Saturday, April 29, 2017

"Or," at Round House Theatre in Bethesda, Maryland

"Or," at Round House Theatre is a play with 7 characters about the first female playwright in the modern -- i.e. POST-Medieval world. Aphra Behn, aspiring playwright, retired spy, kept woman and unconventional lover of King Charles II; is delightfully played by Holly Twyford. She is reunited with Gregory Linington from their recent romp as the infamous George and Martha in Edward Albee's "Who's Afraid of Virginia Wolf" this past January-February at Ford's Theatre, and I also saw Gregory in "Little Foxes" at Arena Stage in October the past year. Gregory takes on 3 rolls, that of the Jailor of the Tower of London, of William Scott double agent and assumed enemy of the King, and King, Charles II, himself.  At one point, his being shoved into a wardrobe as William only to emerge seconds later from a door as Charles in completely unique attire (and then back again, and back-back again, and so on...) seemed more than improbable, but down right impossible. And no greater expression of this stage "magic" occurred then when the woman who was sitting next to me cried out (as much to her own surprise as that of the rest of the audience) "What the hell is going on down there!!

Erin Weaver, Holly Twyford, and Gregory Linington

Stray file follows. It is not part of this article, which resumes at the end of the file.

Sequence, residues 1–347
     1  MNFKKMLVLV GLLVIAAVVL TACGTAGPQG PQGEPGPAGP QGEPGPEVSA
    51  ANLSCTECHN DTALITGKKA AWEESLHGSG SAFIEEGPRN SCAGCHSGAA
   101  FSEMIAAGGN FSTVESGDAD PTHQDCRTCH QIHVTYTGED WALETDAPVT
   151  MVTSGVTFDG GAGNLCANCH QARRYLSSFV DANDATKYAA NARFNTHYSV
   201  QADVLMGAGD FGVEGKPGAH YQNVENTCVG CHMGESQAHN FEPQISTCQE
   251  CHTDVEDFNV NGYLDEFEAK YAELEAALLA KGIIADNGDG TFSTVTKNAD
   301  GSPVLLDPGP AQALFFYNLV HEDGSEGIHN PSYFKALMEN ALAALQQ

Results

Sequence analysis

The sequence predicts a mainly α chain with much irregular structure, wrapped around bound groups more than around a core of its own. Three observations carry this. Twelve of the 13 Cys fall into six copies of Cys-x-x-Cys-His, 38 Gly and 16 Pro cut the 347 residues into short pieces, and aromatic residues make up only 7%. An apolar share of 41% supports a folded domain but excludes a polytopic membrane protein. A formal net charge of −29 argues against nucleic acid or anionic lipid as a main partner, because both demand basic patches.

While both Holly and Gregory were superb, the show stealer was the third actor, Erin Weaver (whom I saw in "Sense & Sensibility" at the Folger Shakespeare Theatre Library also last October) She takes on three characters with such chameleon like uniqueness as to be three unique persons without question. I overheard patrons discussing their incredulity she were they, that one actor could be all three, as we left the theatre. In the roll of Lady Davenant, she delivered such a long, convoluted, comically pitch perfect soliloquy on the Carolinian English theater, the role of women in society and her place in history that as funny as she was, you feared laughing for wont of missing the next line!  She finished and the audience burst into well-earned spontaneous applause.

The "Tower of London" played before the black curtain

A word to the set's designed by Paige Hathaway; because you already know that I'm a set slut.  The show begins in the Tower of London played with a simple table and stool before a black curtain, and then it moves into Aphra's artist's loft with set pieces sliding forward and props filling in a fully formed and perfectly appointed environment wherein the actors could work their magic.  In the opening monologue, Holly opines on the everything old is new again with a nod to the play's setting: "Is it the 1660's OR the 1960's?"  The set brought that line to life in many ways.  I loved the sets.  
Paige Hathaway's model for the sets.  
Finally, it was bound to happen. This is somewhere in the count of my mid-30's in terms of productions seen since September 1st, and I ran into an old friend and her husband at the show. There is something also magical about numbers in the mid-30's and statistical probabilities for common occurrences. Did you know, for example, that in any random group of 30-40 people, two will share a birthday? So I surprised my friend Shelley and her husband, Stan, by connecting with them in the lobby after the show. They were with another couple, so we didn't linger, but promised a phone call soon.

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